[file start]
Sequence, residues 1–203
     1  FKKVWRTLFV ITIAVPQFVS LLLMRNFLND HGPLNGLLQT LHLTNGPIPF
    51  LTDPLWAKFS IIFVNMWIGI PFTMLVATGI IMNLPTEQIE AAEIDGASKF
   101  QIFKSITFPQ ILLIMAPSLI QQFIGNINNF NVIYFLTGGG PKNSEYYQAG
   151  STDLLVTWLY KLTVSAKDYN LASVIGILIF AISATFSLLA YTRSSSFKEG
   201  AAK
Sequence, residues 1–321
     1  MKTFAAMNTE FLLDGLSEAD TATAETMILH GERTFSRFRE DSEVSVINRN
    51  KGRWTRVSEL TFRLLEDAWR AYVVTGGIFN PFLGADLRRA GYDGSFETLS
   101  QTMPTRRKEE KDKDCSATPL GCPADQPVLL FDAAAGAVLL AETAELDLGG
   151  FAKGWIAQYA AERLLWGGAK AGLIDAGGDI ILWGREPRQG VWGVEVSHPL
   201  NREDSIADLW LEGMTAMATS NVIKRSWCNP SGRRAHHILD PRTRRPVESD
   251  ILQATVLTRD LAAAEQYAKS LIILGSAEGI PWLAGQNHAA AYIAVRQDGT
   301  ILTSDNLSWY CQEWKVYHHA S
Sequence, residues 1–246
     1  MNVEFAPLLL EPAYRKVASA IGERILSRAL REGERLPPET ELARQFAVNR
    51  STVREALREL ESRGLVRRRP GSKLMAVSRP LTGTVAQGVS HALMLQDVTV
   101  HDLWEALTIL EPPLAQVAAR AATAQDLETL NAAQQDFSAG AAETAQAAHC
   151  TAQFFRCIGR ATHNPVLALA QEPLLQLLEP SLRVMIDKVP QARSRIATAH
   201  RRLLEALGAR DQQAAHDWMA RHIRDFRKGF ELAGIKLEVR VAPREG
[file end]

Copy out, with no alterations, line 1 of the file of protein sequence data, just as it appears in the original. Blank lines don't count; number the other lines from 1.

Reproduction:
Sequence, residues 1–203